Green jeans

A post on GreenerDesign, an excerpt from a speech by the CEO of Levi Strauss, which describes how the company took a look at some of their products, to get a good look at the actual environmental impact of those products, what they found, and what they decided to do about it:

Our study found that a single pair of 501s, from growing the cotton to consumer care and disposal really does have an impact. A significant one. The lifecycle study of one pair of 501s generates 32.3 kilograms of carbon (78 miles of driving), 3480 liters of water (53 showers) and 400 megajoules of energy (running a plasma tv for 318 hours).

But the real lesson of the lifecycle study is that some of the biggest sustainability impacts have nothing to do with processing denim, sewing jeans or shipping clothes.

What we learned — to our surprise — was that some of the biggest environmental impacts we make fall outside our supply chain control: Namely, growing cotton (49 percent of water in the lifecycle) and consumers washing and drying our clothes (58 percent of the climate impact).

Since the products they were looking at are made primarily from cotton, I'm not particularly surprised that a huge percentage of the water impact is related to the production of the material itself.

The climate impact from washing and drying, though; that does seem a little surprising at first glance. On the other hand, if you wash your jeans once a week and keep them for several years, that's a LOT of washings, which means water and energy, especially if you use hot water and a dryer. (Skimming their life-cycle analysis, I did not see what the expected lifetime of the pants actually is.)

So here's what they decided to do about the cotton:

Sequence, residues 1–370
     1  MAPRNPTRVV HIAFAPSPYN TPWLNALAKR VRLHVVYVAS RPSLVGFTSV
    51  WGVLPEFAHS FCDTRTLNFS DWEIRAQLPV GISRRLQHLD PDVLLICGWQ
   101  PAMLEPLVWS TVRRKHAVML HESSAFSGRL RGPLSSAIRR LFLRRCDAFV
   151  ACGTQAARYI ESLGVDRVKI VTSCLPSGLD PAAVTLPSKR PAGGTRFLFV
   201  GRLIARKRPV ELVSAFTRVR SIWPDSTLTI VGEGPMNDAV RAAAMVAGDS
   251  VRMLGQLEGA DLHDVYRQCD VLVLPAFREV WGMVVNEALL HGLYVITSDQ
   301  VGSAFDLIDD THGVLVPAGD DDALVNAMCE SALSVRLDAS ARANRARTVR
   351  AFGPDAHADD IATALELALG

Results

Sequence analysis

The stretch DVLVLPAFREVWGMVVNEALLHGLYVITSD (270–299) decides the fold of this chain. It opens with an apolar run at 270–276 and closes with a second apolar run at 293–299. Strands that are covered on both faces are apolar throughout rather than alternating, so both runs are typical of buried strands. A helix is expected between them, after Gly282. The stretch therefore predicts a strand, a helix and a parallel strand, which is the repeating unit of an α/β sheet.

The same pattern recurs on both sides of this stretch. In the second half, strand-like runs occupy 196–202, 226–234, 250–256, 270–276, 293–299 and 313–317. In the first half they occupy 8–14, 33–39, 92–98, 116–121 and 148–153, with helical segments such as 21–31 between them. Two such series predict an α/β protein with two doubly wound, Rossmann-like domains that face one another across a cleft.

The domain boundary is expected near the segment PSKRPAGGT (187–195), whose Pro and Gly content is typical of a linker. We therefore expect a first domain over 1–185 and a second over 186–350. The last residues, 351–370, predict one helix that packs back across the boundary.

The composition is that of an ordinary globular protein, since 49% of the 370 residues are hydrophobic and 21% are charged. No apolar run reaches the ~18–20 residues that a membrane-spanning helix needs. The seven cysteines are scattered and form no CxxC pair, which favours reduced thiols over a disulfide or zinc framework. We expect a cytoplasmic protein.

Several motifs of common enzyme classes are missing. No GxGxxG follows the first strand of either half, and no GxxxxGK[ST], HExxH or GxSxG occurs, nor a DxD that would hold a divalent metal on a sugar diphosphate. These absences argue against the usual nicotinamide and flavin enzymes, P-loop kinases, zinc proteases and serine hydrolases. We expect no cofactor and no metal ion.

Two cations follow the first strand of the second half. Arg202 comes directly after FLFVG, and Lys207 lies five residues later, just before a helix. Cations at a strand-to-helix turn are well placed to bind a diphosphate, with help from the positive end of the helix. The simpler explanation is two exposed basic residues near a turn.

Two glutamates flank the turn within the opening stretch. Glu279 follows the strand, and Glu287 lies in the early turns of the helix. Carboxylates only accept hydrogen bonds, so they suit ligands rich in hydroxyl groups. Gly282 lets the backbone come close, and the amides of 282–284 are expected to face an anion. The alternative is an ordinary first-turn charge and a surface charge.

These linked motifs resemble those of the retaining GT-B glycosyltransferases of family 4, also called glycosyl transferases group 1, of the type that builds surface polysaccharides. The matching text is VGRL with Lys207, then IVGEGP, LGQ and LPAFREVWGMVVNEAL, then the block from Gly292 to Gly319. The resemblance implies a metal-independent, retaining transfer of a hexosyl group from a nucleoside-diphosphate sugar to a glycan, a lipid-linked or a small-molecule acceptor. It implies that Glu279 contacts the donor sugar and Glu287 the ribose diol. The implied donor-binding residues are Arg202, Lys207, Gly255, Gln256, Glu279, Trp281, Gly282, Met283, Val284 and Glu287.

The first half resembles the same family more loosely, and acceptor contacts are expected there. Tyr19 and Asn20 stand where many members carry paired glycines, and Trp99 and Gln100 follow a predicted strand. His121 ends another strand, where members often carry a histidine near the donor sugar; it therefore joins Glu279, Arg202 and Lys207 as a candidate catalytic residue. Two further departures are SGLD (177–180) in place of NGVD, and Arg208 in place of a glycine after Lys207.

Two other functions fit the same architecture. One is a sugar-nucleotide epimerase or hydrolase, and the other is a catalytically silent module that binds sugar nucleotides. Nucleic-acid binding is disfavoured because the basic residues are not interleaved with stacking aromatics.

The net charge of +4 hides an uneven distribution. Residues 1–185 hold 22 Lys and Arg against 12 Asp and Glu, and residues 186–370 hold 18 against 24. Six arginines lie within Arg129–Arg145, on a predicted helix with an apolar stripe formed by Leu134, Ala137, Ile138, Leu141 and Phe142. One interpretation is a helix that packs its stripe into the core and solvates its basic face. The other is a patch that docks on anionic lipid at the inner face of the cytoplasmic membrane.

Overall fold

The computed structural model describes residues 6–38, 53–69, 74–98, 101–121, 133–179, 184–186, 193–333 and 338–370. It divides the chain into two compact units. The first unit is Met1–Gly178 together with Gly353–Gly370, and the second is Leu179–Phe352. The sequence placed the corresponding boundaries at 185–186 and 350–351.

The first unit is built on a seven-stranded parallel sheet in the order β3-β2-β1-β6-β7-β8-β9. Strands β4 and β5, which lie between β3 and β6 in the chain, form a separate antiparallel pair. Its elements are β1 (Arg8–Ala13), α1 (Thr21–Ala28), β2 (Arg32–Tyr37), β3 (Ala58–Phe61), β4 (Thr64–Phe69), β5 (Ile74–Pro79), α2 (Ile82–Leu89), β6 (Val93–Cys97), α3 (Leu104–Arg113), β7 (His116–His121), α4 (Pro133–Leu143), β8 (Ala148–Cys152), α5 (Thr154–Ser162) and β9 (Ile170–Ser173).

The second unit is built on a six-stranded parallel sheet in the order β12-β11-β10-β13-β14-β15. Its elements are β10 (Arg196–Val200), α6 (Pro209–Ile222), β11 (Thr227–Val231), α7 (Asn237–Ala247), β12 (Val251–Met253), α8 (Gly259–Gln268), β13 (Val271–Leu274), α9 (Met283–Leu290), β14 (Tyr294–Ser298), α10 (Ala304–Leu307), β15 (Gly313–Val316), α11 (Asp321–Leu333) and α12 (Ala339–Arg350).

. . . we've joined forces with other brands and retailers such as Marks & Spencer, Adidas, and Ikea in an organization called the Better Cotton Initiative. You know about organic cotton, which addresses the use of chemicals in cotton agriculture. Better Cotton reduces chemical use and goes beyond that to try and address other environmental impacts, such as water use and soil health. It also includes labor standards and tries to improve financial profitability for farmers. So, it incorporates the three key aspects of sustainability — environmental, social and economic sustainability.

And the washing/drying:

We recently launched an exciting new partnership with Goodwill — A Care Tag for Our Planet — to spread the word with consumers that caring for their clothes can help care for the planet.

By changing our care tags, we were the first major apparel company to change our garment care labels to urge consumers to take action by "washing in cold water," "line drying" and "donating unwanted clothing. We're hoping this helps put a dent in the 68 billion pounds of clothing a year that end up in landfills in the US.

I'm really, really curious about how these efforts are going to play out in the real world, especially the care tag program. Because it would be really awesome if such simple steps could help lead to the overall cultural changes we need.

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